Check your drain hoses. These are usually located under your sink, and you should be able to undo the clamps that hold them in place. Make sure they are clear and not filled with gunk that has built up over time.
Clean the inside of your dishwasher. You cannot expect a dirty machine to produce clean dishes. Wipe down any greasy deposits along the waterline. Check the water spraying arms to make sure they are not clogged. If the water cannot spray over the dishes, they will not rinse properly.
Stack the dishes with the tallest items on the outside and so that nothing is blocking the flow of water from splashing over the dishes. Face the dishes towards the center for best results. Make sure the dishes on the bottom shelf are not in the way of the bottom stream of water that comes up. Before you close the door of the dishwasher, bend over and make sure nothing is keeping the spraying arm from throwing water.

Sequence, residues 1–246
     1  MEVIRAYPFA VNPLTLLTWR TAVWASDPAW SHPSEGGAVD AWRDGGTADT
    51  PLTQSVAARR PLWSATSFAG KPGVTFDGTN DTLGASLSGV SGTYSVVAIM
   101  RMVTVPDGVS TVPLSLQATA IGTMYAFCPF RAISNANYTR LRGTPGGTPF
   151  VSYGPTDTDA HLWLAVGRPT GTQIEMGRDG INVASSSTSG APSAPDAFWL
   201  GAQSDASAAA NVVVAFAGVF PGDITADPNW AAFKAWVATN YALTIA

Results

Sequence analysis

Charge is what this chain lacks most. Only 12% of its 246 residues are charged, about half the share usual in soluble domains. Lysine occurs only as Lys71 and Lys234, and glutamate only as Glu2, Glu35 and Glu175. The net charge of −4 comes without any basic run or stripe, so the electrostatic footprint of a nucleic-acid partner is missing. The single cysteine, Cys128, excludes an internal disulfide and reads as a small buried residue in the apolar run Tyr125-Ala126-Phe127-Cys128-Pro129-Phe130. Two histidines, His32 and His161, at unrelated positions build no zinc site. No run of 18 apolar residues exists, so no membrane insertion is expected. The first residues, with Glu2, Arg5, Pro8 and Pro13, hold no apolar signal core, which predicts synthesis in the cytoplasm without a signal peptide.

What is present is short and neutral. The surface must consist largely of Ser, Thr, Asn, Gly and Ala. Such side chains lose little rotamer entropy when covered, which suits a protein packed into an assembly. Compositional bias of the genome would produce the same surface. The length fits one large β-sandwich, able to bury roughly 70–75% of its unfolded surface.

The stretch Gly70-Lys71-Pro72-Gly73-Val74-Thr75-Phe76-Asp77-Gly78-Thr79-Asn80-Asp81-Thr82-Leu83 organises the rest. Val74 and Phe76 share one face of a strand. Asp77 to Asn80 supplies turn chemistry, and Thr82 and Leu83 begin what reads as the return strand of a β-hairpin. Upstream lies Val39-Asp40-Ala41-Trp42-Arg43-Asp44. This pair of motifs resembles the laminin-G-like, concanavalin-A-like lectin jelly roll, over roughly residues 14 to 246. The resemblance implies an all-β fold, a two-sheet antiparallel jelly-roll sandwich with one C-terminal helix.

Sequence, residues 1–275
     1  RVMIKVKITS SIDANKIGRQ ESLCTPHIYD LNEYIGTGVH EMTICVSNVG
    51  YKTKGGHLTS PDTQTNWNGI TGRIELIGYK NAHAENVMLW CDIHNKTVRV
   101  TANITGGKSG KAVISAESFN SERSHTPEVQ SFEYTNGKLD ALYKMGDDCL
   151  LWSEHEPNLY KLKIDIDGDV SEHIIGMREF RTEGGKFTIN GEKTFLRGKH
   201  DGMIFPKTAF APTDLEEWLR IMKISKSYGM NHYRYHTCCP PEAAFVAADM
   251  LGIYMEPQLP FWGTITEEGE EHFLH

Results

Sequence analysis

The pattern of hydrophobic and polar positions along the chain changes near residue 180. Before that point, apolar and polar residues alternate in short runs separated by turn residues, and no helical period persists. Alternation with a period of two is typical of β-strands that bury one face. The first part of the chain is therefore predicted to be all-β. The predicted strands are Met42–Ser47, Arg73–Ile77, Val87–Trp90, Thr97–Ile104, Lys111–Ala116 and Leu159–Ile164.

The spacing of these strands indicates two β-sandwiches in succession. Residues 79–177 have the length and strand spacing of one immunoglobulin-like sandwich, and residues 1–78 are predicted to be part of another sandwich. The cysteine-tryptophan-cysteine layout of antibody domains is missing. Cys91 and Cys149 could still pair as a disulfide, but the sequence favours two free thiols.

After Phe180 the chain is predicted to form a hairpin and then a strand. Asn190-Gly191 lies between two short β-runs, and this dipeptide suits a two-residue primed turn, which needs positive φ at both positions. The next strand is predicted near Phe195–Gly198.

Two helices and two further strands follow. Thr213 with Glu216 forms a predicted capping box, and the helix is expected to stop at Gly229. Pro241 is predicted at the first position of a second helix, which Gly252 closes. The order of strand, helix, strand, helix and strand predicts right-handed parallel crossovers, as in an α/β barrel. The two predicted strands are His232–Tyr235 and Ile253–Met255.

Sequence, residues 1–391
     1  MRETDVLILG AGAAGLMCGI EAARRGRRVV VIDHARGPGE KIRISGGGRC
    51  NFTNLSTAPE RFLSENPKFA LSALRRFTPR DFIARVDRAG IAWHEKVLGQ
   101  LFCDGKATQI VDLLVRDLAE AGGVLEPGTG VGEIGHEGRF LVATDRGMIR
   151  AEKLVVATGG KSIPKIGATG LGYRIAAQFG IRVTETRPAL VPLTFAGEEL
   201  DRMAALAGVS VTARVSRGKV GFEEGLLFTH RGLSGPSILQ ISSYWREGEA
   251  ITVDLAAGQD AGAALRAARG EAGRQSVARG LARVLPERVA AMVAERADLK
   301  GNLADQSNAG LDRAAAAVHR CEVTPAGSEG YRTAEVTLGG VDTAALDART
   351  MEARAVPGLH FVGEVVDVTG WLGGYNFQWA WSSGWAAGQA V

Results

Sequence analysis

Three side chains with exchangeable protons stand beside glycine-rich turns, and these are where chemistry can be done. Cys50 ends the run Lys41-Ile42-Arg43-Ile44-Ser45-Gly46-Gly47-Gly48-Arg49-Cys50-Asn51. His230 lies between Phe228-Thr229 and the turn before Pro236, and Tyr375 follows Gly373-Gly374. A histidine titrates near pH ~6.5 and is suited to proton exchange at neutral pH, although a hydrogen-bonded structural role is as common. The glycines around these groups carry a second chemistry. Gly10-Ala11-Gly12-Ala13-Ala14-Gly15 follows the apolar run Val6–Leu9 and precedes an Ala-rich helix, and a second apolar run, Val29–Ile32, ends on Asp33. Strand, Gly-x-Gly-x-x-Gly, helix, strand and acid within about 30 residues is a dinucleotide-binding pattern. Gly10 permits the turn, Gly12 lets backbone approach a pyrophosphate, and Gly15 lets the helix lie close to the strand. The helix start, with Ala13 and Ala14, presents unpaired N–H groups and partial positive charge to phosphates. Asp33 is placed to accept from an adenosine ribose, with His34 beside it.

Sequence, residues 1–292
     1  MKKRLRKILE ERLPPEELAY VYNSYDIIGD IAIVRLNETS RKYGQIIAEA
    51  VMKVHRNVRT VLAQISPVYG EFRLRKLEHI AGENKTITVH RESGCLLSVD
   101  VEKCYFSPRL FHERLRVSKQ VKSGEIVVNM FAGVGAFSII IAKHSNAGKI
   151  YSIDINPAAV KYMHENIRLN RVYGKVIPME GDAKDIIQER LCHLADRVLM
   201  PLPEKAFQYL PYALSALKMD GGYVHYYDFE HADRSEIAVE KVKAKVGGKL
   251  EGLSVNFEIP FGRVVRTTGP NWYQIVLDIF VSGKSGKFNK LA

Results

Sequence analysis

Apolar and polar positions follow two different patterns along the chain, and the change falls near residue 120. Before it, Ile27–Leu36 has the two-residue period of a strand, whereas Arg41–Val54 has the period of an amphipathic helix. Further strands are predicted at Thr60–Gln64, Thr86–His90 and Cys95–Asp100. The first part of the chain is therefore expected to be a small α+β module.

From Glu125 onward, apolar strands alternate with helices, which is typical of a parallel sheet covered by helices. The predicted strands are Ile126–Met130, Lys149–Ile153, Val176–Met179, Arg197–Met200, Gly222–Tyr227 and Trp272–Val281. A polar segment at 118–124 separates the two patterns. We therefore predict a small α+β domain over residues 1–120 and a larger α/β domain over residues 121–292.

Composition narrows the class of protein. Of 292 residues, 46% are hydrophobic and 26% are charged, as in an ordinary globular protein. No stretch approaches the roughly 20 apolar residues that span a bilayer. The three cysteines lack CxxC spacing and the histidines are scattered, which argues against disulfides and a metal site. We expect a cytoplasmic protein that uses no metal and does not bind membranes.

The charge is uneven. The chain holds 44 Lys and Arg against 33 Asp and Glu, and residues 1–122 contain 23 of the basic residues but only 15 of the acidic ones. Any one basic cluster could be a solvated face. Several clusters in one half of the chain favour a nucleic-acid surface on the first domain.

Use a dishwashing detergent that includes a water softener, such as Cascade. Many times your water is a little too hard for the detergent to rinse thoroughly, and it ends up leaving a deposit you can see on the glasses. Try different detergents until you find one that works for your type of water. Some people can get away with using a no-name brand, while others swear by the most expensive.
Add a rinse agent to your dishwasher's dispensing unit. It will help the dishes repel water so that they dry without any water spots. First find the detergent that gets your glasses clean and then add the rinse agent, or you won't get the best results.
Run the hot water at your sink before your start the dishwasher. This will make sure that the water is hot as it enters the dishwasher. Most dishwashers don't use too much water, and if you just turn them on, it will take about a gallon or more before the hot water hits the dishwasher, leaving it mostly filled with lukewarm water.